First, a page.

Is policing part of a Strong Town?

This is a response to the post on Strong Towns, titled “What’s the Role of the Police Department in Building Strong Towns?

I’m going to argue that a Strong Town does not depend upon or even much need policing. This strong statement comes from my experience in observing the interactions between law enforcement and citizens of color, citizens of low income. I’m a white male middle class person, so I have not directly experienced these issues, but I see them every day. Every day. In the city where I live (Sacramento), in the county where I live (Sacramento) to an even greater degree, and in most of the places I visit in the western US. There is data driven enforcement where I live, as follows: if they are black, they are guilty. If they are other people of color or poor, they are likely guilty. If they are black and poor and young and male, god help them, they will probably be dead no matter the nature of their perceived infraction. The district attorneys are part and parcel of the problem, as they will not prosecute law enforcement officers for violations of the law and of civil rights. The police unions are part and parcel, as they defend all officers, no matter how much of a bad apple they are.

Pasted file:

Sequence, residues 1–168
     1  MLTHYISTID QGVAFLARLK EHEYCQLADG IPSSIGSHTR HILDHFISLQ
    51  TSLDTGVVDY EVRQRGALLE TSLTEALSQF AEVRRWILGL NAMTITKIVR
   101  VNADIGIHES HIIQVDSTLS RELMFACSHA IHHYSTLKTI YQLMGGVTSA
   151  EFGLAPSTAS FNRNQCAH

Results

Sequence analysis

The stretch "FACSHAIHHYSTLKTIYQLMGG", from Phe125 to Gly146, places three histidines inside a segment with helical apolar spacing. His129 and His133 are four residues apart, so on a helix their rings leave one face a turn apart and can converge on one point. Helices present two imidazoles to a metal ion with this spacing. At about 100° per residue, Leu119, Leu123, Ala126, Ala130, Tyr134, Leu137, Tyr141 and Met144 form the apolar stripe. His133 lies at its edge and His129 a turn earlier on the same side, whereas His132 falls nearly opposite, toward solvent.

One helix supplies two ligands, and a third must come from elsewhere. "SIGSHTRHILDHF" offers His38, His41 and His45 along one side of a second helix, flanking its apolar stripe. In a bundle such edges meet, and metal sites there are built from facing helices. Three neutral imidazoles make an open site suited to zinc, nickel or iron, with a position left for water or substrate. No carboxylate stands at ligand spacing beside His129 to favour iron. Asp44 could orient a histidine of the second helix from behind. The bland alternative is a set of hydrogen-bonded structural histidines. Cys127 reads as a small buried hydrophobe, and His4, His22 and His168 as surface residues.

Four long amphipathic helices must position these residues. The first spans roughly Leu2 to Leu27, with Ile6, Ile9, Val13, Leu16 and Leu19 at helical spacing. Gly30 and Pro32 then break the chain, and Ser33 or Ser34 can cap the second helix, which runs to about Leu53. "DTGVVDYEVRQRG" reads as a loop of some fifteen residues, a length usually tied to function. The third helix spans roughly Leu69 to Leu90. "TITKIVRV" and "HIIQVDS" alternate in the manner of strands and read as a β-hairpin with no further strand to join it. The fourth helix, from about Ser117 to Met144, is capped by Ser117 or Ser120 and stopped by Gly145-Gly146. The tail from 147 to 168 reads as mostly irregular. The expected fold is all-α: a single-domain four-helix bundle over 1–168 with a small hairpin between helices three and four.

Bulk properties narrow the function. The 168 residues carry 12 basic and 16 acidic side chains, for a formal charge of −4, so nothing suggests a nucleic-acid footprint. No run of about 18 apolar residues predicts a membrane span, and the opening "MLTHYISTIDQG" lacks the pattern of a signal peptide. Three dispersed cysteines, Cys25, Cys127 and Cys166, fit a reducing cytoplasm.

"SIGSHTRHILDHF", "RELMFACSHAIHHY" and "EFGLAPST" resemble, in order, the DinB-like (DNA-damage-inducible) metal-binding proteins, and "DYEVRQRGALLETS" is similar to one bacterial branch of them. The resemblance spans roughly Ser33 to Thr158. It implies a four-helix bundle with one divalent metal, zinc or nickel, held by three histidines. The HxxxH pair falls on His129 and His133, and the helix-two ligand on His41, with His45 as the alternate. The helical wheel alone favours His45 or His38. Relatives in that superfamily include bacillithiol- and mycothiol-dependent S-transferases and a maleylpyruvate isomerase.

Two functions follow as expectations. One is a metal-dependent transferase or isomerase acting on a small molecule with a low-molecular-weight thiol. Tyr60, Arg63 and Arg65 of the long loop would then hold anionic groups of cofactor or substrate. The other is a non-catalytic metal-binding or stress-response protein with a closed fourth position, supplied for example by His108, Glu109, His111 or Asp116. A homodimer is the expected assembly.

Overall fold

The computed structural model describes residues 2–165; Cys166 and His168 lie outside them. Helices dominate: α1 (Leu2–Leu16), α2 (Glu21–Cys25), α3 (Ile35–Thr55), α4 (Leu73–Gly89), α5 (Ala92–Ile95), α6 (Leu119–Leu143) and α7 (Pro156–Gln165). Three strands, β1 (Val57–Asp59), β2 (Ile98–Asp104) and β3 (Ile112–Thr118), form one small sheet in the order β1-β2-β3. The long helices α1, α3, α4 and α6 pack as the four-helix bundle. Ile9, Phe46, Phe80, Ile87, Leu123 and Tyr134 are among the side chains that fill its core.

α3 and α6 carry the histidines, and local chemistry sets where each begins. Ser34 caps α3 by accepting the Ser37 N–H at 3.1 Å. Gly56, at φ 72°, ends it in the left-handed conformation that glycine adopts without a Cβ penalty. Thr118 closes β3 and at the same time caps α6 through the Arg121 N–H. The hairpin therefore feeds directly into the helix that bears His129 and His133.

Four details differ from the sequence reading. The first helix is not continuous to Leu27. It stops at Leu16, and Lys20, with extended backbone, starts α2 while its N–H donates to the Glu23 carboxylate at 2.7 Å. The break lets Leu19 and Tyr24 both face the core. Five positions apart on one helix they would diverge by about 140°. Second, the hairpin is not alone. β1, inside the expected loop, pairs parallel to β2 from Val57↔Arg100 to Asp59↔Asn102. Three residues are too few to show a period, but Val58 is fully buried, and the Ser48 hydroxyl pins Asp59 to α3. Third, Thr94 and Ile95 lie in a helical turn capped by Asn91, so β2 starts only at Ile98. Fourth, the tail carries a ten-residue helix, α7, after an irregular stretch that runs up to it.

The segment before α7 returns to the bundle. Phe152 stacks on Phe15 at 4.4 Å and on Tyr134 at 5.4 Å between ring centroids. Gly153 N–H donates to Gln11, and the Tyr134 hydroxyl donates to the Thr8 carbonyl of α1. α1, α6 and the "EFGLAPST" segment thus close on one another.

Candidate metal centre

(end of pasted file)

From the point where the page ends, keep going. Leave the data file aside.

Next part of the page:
I am not saying that all law enforcement profiles, in fact most probably do not. Not all officers are prone to excessive use of force, in fact most are probably not. However, the person of color has no way of knowing which kind of officer is approaching them. They have to assume they are going to be harassed, arrested for imaginary violations, and possibly murdered. Because that is what happens all too often. In fact, any instance is too often.

You might think I’m exaggerating. Let me refer to two cases in my area, both of which received national attention.

Nandi Cain was a young black male crossing the street legally. He was confronted by and severely beaten by a Sacramento City police officer for the imagined ‘crime’ of jaywalking. The officer did not lose his job and was not disciplined beyond administrative leave.